Why Coddling Your Dog is Stressing Him Out

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coddling is stressing your dog out, dog fear, dog anxiety

My dogs are spoiled!

I will admit it and I am not ashamed of it.

My dogs have dozens upon dozens of toys in their toy box.

I have numerous crates throughout my house because they like sleeping in crates.

I have more leashes than you can shake a stick at (I admit to a tiny addiction here).

And the training toys my dogs enjoy overflow containers in my house and in my van.

As a matter of fact, my friends LOVE when I come for training because they know I have just about anything they or their dogs could need!

My dogs also have memory foam dog beds.

And, my dog “Fury” is allowed to sleep on my bed. When my family watches her, she is allowed in their bed, even though they don’t allow their own dogs upstairs.

I reward good behavior ALL THE TIME! I use dog biscuits, cheese, elk antlers, pigs ears, rawhides and other yummy treats.

But, I Don’t Coddle Them!

What is the difference?

I mean, some reading the above description would assume that I coddle my dogs.

Heck, I even call them my kids or my “furry” kids (which I know drives some dog trainers crazy ha ha ha).

Spoiling and Coddling are NOT Synonymous

You see, in my opinion spoiling and coddling are not synonymous.

Spoil means to treat with excessive kindness, consideration or generosity.

Coddle means to treat in an indulgent or overprotective way.

Okay, okay…I will acquiesce that some of you think they are synonymous, or the same.coddling is stressing your dog out, dog fear, dog anxiety

The Difference

But, to me, the difference is that I have expectations of my dogs.

My dogs have to meet a certain level of puppy obedience training in order to have access to the things that I mentioned above.

And, I expect my dogs to be confident and deal with the things they don’t like in their environment.

In essence, I am a parental figure with strict rules and regulations, and if you adhere to my rules and regulations, you have access to all that is mine and all that you deserve.

If, however, you do not adhere to my rules and regulations, you don’t have access to those things that you want.

This is very much like a regular child/parent relationship.

You may give your kids a lot of “things” like phones, or an X-Box, but when they make mistakes, a good parent takes those things away.

What Does It Mean To Coddle Your Dog?

Coddling, in my opinion, means that you are more permissive.

Permissive means to allow excessive freedom of behavior. To be indulgent and lax.

I find that people who coddle either their dogs or their children have very few rules. And, even when rules are broken, there is no punishment or follow through for said broken rules.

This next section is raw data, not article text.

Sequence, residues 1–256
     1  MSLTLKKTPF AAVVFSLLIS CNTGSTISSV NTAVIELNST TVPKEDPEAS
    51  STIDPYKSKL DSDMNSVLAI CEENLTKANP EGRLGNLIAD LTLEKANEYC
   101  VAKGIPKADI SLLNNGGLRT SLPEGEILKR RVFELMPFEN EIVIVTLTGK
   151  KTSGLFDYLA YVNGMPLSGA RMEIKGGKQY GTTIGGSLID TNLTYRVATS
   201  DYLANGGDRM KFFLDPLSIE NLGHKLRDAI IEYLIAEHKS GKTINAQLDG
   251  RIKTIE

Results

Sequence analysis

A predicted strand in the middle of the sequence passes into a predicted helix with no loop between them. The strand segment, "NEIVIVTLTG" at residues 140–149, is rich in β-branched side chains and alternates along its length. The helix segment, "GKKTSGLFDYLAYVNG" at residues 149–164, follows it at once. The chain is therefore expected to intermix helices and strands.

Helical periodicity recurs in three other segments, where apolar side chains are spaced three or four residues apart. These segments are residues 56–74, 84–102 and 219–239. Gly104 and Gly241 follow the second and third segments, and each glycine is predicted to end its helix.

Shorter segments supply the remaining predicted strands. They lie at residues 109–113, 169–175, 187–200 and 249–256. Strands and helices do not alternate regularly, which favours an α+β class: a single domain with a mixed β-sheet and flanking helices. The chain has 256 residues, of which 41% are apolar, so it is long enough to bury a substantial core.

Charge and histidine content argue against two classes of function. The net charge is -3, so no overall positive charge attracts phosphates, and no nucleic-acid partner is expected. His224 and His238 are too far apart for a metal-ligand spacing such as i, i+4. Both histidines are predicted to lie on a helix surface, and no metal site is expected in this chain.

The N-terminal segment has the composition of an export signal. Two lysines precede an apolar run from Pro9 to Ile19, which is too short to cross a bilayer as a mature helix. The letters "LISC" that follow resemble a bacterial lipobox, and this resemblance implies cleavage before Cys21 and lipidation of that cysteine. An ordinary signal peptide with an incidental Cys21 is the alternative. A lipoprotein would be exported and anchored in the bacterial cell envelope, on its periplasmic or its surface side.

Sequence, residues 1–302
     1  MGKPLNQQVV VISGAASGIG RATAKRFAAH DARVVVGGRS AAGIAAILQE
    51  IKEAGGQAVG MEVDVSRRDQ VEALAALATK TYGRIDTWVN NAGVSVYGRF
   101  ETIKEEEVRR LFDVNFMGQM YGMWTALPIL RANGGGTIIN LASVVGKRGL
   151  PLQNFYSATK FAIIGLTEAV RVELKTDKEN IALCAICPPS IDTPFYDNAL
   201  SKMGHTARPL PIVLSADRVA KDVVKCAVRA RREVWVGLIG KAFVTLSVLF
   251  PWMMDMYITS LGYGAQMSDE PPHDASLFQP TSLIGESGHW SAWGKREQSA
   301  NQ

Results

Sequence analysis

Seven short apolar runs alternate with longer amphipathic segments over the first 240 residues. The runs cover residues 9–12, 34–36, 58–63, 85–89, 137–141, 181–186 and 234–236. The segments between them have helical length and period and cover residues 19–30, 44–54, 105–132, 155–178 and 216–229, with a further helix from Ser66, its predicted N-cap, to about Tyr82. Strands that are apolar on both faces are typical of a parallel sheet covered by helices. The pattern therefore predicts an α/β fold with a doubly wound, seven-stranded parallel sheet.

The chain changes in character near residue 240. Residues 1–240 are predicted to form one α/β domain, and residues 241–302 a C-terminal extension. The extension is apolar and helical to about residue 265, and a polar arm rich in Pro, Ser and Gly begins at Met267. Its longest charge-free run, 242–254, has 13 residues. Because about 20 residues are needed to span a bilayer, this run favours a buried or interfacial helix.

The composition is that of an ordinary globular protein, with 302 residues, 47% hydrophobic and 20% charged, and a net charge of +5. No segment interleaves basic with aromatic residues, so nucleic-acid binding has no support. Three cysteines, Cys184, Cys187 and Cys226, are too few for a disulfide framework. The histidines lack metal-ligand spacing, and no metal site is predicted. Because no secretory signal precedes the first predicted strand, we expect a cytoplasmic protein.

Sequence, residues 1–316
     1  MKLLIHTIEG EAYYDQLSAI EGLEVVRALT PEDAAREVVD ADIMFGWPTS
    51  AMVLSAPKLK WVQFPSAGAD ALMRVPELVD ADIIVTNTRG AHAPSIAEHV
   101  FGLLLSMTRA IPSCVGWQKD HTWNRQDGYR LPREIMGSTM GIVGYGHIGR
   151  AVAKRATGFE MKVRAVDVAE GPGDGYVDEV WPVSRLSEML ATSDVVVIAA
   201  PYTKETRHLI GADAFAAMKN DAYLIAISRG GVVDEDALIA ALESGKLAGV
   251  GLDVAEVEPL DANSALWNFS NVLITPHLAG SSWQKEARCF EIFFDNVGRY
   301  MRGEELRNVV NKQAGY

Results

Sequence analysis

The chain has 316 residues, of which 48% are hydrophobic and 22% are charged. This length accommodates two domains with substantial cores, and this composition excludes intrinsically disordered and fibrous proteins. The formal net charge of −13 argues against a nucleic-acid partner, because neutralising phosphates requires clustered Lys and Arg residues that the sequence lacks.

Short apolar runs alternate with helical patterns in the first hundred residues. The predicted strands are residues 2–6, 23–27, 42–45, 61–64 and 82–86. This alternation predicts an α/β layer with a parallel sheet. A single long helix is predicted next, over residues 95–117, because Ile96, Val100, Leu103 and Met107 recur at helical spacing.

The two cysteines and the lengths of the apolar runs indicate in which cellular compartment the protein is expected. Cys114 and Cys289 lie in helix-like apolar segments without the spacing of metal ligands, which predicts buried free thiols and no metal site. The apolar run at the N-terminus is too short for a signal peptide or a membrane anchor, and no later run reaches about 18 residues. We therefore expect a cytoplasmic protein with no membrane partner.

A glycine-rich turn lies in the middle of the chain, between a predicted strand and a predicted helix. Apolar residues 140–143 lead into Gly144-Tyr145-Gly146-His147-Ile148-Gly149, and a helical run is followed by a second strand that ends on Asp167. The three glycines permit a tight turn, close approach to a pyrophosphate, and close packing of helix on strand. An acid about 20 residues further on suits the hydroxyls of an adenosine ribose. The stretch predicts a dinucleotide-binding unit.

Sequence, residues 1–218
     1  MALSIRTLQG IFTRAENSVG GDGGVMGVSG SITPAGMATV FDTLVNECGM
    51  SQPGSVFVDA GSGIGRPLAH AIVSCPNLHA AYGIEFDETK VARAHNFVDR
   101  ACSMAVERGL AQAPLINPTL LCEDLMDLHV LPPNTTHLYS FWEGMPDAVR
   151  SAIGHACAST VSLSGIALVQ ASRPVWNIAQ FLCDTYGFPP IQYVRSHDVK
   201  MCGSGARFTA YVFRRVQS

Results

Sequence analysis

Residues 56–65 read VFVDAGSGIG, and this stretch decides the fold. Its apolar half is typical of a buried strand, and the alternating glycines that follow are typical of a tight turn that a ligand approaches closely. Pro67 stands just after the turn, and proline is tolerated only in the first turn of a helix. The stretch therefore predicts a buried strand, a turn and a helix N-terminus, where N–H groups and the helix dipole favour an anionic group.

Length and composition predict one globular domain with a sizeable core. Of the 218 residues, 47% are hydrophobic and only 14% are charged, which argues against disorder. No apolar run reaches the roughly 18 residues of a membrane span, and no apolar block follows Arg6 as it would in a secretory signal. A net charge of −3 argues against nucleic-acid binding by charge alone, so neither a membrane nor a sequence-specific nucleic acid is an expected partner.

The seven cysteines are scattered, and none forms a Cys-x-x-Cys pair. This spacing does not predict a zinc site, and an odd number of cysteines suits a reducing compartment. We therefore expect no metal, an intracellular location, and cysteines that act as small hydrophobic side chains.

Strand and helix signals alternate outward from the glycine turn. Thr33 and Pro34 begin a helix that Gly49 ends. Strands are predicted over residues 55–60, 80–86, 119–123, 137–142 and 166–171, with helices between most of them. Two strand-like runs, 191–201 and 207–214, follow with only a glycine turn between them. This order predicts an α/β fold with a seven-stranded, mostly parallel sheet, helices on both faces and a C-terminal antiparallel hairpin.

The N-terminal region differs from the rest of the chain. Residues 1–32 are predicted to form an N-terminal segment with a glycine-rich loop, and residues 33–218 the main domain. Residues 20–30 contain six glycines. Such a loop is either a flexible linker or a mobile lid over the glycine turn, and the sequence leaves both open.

The dog or child gets everything for nothing.

It is bad enough to treat your child this way!

And, I believe this kind of treatment is why we live in a world where children expect the world to be given to them with no work or effort.

This is also why so many children are so poorly behaved in public.

They are used to throwing a fit and getting their way.

Why Does This Create Stress for Your Dog?

I mean, I like someone else to cook for me and do my laundry on occasion, but I don’t want to not be allowed to take care of myself!

Imagine if you weren’t allowed to drive your car anymore because I offered to take you wherever you want to go. Not fun, right?

As trite as it sounds, dogs want an authority figure.

No, dogs actually NEED a good parent or authority figure.

coddling is stressing your dog out, dog fear, dog anxietyYour 5 year old may not decide to take your car keys and go for a joy ride, or to hit a salesman in the back of the head with a wrench because he might be a threat.

But, your dog will begin to assume the parental, or dominant, role if you aren’t “man enough” to do it yourself.

This is why “alpha theory” has been so blown out of proportion.

No, your dog doesn’t need an “alpha”; he is not planning to take over the world if you feed him first or if he scoots out the door before you.

But, dogs like and need structure.

And, if you don’t provide it, they will reluctantly take the role.

Yes, I am sure some of them want a shot at the top rule-maker.

But, most dogs don’t want the stress.

Being an Adult

Being an adult is stressful.

You have bills, jobs, family, and life just gets overwhelming.

I remember being a kid and being so excited about having the opportunity to be an adult and not have to listen to anyone.

Now that I am an adult, I would give anything to go back.